Updated: October 31, 2021 7:11:30 pm
As someone who believes that social responsibility is an extension of photography, it was natural for Nithya Rajkumar, a licensed professional photographer and mentor, to initiate a project that celebrated individuals and their undying spirit. But what started as a one-off portrait photoshoot back in 2018 — of a stage III breast cancer survivor — soon transformed into PinkDayToShine, a pro bono photography project that comprises an exclusive portrait photoshoot along with professional makeup artistry for 10 breast cancer warriors — both survivors and those fighting the disease — to celebrate their strength and lift up their spirits.
“The woman who came to me left a deep impact on me as a young mother. During my pre-consultation photoshoot, she opened up about being a breast cancer survivor and the ordeals she faced as a mother. She mentioned her concerns of having scanty eyebrows and eyelashes (from all the chemotherapy treatment). An otherwise successful and confident woman, she was anxious and concerned about her appearance. So I decided to make it special for her, throw in a free photo shoot, called in a makeup artist – not to turn her into something different but to enhance what she already had. I did expect her to have a good time, but I didn’t know it could have such a profound impact on her such that she said, ‘I’m so glad to be alive today to see myself the way you have clicked’. And I wanted to do it for more women out there who have battled breast cancer in the coming years,” mentioned Dubai-based Nithya whose website of PinkDayToShine.com is up and running.
The NIFT graduate then decided to invite 10 such women to join her for a day-long photoshoot every October in time for Breast Cancer Awareness Month. “I try to focus on the people behind these tag lines. ‘See the able, not the label’. We should all try to see beyond the labels. I believe that by being authentic and respectful, one can communicate and connect better with others. My idea is to showcase the person full of zest for life and aspirations and fears as any of us do. Putting them at ease and respecting their space has always been my utmost priority. Everyone has an inspiring story to share,” the photographer told indianexpress.com.
Some of her her other social impact projects include photographing children born with HIV; and ‘Special People, Big Hearts’ – photographing children with special needs and their families. Nithya makes sure the portraits capture the spirit that the warriors have, as she says the focus is on the positive side “because I don’t want them to relive the pain they have been through”. “I ask them about that one positive thing that they held on to, that helped them on their toughest days. For some, it was their child, for some others it was their faith, or else their sheer will to not give up,” she expressed.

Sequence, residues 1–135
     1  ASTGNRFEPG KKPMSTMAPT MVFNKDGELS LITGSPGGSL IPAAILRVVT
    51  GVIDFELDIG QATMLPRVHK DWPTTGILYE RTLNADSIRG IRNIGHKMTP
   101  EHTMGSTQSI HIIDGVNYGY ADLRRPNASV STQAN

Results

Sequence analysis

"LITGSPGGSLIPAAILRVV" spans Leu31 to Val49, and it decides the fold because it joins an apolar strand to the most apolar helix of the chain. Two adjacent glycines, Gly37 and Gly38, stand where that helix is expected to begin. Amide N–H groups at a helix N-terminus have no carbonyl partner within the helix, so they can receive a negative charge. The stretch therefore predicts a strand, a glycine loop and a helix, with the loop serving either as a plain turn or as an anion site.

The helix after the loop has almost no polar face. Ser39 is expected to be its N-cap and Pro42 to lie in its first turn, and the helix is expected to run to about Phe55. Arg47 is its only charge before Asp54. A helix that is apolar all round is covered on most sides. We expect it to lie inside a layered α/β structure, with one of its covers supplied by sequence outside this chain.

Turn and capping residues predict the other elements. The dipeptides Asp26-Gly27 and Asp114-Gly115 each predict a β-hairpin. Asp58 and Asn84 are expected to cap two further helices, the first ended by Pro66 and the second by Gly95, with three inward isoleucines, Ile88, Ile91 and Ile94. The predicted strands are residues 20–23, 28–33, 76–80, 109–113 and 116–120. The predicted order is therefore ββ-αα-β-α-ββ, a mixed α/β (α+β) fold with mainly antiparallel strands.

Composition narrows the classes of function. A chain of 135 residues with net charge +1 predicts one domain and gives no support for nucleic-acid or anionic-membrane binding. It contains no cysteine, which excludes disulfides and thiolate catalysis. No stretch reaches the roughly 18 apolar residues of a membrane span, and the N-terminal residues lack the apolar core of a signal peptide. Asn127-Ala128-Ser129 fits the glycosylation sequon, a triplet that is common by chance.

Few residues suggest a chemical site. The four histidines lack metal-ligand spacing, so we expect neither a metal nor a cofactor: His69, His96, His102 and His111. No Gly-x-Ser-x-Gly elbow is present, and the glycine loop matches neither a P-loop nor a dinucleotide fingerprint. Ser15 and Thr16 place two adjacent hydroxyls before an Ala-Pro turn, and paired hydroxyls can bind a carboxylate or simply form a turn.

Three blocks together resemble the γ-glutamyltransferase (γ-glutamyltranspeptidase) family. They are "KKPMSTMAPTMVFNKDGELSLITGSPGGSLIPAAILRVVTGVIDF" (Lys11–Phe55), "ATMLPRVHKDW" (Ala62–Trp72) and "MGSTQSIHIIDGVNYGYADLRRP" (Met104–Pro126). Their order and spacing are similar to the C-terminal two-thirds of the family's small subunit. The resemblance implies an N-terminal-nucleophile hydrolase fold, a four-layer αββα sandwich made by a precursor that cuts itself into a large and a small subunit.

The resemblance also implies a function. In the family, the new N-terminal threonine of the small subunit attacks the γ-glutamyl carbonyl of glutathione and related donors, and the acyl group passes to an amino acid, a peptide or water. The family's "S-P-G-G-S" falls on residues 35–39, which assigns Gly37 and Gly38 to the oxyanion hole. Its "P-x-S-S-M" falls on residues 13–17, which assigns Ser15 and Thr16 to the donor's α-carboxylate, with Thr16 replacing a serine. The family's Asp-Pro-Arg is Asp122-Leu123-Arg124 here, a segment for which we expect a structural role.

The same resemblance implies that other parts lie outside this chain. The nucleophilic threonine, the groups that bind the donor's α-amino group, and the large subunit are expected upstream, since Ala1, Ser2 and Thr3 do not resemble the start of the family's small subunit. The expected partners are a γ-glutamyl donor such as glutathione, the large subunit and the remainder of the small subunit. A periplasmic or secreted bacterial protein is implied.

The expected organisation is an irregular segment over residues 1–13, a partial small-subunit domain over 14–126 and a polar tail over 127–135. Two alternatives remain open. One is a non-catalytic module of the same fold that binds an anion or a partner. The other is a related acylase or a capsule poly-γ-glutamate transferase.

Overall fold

One of the stories she has documented is of Jennie Hennessy, a mother of two and a survivor. “In 2020, I was the fittest and healthiest I’d been in years and I felt great. One day in June 2020, I was giving my hairdresser full control over a funky new rainbow hair look and a week later, I was at a doctor’s office with my husband being told I have breast cancer. As if 2020 didn’t have enough with Covid-19,” shared Jennie, in an interview with Nithya in 2020, who was undergoing chemo and preparing for surgery in Dubai.
While organising the project, currently is in its third year, Nithya who has a branding background and worked in retail for many years, could gather support from brands like Nikon to offer goodies to the warriors among other things. Every October 26, the initiative organises a casual get-together which sees over 40-50 women breast cancer warriors and experts raise awareness about early detection of the disease. This year, it was again a virtual event over Zoom like the past year owing to Covid-19.
“Around 180 people attended from various cities and countries. The speakers included oncologists, surgeons, mental health specialists, and breast cancer survivors who joined to share their insights and answer the many questions from many. All of them volunteered their services for free. There are many who want to help others but don’t know where to start. I just want to tell them that if you have an intention to do something good, no matter how small you think it is, just do it. What you do might mean a lot to someone. Some mothers who joined us at Pinkdaytoshine share how proud their family and children felt upon seeing the images,” said Nithya whose on-site photoshoot this year featured 15 warriors, and also a remote photoshoot involving survivors from India’s Kerala, her hometown.
View this post on Instagram
Notably the 2021 photoshoot happened over two days in Dubai and Abu Dhabi this October 20-22 with all covid safety measures. While the core idea is to celebrate the sheer strength and resilience of the women affected by cancer, Nithya’s use of the medium of photography to create awareness is unique.
So, what is the takeaway from her project? “I realised the importance of spreading the message of early detection as the chances of recovery are more. Everyone should know to do the self-breast examination. And the taboo and shame associated with breasts need to go. And while mastectomy is a medical procedure, it is largely associated with femininity that needs to be done away with,” expressed Nithya.
📣 The Indian Express is now on Telegram. Click here to join our channel (@indianexpress) and stay updated with the latest headlines
- The Indian Express website has been rated GREEN for its credibility and trustworthiness by Newsguard, a global service that rates news sources for their journalistic standards.